And of course all plants that live in these parts, whether in our gardens or in the wider landscape, have their own physiological techniques of acclimatization which, in my view, are equally interesting. Like the chickadee, the crab apple you see in this picture can survive bone-chilling nighttime temperatures of minus 25℉.

Each fall, triggered primarily by the increasing hours of darkness and, to a lesser extent, by falling temperatures, most plants enter a state of dormancy that allows them to withstand the rigors of our New England winters.

We all know that each year in October all our deciduous trees and shrubs drop their leaves, while the entire above-ground portions of perennials die off completely.

At the same time,  although less visible to people, the plants store any excess sugars in their roots and their metabolic processes (photosynthesis, respiration and transpiration) either cease or slow dramatically.  Finally the chemical composition of the individual cells changes, reducing the likelihood the cells will freeze (like antifreeze on a microscopic level).

In the spring everything reverses. In the woody plants it starts when the sap returns to the branches and the cells revert to their non-dormant structure. This causes buds to grow into leaves and the plant’s metabolic processes to resume. Meanwhile perennial plants respond to the warmer temperatures by pushing out new growth directly from the roots.

Evergreen trees and shrubs are actually the exception that proves the rule. Since their leaves remain, their winter dormancy is only partial, and they continue to lose some water through their leaves throughout the winter months. This is why it helps if your evergreens start winter well watered and why you should plant them where they will be less exposed to the drying effects of afternoon sun and wind.

Choosing plants for a cold climate

This dwarf white pine ‘Kurley’, thrives in my garden despite our occasional plummeting temperatures

The ability of different plants to withstand cold winters varies hugely, and is heavily influenced on where they naturally grow. Some plants—think about the tropical shrub Bougainvillea— will die if the temperature drops even a bit below freezing (to 30℉), whereas others—such as our Vermont Sugar Maple— can survive bitterly cold winter weather (below minus 30℉). However for most plants the lowest temperature they can survive is somewhere in-between.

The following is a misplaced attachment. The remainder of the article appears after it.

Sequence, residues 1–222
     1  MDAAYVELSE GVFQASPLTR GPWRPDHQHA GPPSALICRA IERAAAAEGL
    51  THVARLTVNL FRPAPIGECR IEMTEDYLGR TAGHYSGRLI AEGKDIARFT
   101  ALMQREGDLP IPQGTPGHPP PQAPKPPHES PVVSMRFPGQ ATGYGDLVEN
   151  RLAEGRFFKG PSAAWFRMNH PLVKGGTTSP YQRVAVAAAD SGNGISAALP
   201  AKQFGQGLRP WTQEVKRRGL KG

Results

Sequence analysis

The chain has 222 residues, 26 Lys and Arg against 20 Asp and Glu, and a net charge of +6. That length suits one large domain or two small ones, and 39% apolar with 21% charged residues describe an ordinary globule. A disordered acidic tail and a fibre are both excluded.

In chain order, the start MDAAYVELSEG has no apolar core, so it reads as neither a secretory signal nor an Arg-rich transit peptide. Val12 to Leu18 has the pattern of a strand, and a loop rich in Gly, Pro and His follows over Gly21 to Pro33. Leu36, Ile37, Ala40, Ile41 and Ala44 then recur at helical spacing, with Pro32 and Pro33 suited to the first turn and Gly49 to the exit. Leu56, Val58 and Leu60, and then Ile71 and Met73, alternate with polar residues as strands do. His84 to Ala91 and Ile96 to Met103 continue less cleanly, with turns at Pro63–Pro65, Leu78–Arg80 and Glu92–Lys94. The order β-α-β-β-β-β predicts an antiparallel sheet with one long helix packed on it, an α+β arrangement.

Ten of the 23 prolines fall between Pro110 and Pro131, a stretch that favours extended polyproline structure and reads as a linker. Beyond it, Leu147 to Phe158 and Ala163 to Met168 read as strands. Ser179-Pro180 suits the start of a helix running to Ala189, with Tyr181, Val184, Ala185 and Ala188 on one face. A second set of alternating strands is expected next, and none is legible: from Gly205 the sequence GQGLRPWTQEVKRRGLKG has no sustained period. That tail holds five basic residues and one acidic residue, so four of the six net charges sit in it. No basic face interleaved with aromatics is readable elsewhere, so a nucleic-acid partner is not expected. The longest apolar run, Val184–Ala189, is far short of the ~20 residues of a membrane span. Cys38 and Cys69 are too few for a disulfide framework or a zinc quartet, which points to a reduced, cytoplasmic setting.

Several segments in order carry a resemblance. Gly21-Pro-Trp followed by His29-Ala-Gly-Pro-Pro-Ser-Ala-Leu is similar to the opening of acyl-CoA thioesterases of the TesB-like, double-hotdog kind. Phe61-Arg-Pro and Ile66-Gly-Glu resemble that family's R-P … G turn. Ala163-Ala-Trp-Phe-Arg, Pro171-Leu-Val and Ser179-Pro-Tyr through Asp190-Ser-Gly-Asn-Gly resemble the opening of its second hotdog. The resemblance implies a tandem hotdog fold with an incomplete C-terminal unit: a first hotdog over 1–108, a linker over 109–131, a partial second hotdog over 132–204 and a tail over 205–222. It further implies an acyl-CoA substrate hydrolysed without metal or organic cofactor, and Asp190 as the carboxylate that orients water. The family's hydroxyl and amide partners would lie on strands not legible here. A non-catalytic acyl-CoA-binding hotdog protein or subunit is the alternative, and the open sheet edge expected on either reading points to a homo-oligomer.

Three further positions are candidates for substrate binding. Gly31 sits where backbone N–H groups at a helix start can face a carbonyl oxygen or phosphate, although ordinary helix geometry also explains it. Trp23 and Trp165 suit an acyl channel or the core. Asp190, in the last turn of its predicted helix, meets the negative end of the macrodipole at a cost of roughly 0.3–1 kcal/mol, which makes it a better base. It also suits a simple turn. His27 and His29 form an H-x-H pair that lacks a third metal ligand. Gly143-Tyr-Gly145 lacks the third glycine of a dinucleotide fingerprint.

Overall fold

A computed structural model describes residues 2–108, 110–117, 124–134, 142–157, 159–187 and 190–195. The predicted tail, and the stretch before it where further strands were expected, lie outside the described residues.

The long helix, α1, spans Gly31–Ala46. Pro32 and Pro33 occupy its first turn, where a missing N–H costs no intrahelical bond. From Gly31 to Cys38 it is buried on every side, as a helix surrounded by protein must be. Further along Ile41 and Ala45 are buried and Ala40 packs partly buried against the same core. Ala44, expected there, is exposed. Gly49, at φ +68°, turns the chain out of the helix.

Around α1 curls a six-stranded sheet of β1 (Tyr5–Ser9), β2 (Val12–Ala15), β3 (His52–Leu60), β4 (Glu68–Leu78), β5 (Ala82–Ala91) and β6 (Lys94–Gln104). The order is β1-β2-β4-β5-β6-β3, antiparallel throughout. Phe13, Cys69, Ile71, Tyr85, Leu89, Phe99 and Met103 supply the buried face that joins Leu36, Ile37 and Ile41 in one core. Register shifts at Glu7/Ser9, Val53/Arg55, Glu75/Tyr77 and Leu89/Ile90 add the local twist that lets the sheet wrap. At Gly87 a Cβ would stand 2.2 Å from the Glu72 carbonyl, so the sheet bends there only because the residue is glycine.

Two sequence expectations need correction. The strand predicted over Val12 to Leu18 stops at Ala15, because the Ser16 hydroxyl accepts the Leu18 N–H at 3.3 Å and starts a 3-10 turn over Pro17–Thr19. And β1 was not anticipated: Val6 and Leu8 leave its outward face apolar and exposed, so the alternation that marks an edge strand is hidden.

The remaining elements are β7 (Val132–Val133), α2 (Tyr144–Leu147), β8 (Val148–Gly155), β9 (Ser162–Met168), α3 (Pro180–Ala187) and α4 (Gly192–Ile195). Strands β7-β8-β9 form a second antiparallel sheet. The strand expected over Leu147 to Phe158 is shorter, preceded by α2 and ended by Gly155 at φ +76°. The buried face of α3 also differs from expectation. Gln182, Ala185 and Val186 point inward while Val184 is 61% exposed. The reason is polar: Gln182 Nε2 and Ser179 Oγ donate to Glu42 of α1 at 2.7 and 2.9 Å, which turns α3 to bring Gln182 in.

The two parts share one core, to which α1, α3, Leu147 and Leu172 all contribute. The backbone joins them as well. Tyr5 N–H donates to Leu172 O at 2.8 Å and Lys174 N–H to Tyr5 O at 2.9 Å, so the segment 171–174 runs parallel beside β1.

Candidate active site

So naturally great effort has been expended to determine just how much winter cold a particular plant can take, and a numeric scale—the Plant Hardiness Rating— has been developed to specify this.

In reference books, websites and at the nursery you will see a zone designation associated all long-lived plants—shrubs, trees and perennials— which tells you the lowest winter temperature they can take. The Sugar Maple, hardy to below minus 30℉, is designated Zone 3b. But another New England native, the Eastern Redbud, only hardy to minus 15℉,  is designated as Zone 5b.

So you need to choose plants for your garden based on the coldest temperature you anticipate. Obviously in a state like Vermont this varies from place to place. If you live down south or near Lake Champlain, it may be minus 15℉ for a night or two during an especially cold winter.  But if you live in the mountains or further north you can anticipate it will may be 15℉ colder.  All this has been quantified in the on-line interactive USDA Plant Hardiness Zone Map, based on 30 years of historical data. I talk about this more in Hardiness Revisited

So what about climate change, you may ask?  Well, based on my own observations, it seems that while our AVERAGE temperatures are surely rising, we sometimes experience the OCCASIONAL  bitterly cold winter extreme— and that is all it takes to decimate a tender plant. The recent  ‘polar vortex’ of 2014 is still fresh in our minds, and back in January 2011 there was a similar ‘weather event’ , when temperatures across Vermont temperatures also dropped well below minus 20℉.

And if a cold spell comes behind on the heels of a spell of unseasonably WARM weather, causing plants to start losing some of their winter acclimatization, the sudden extreme cold will be all the more damaging.

So, while I may take a gamble with the hardiness of an inexpensive  plant, before I invest in a costly plant, like the dwarf pine above, I like to research whether it will tolerate coldest temperatures I can expect where I live.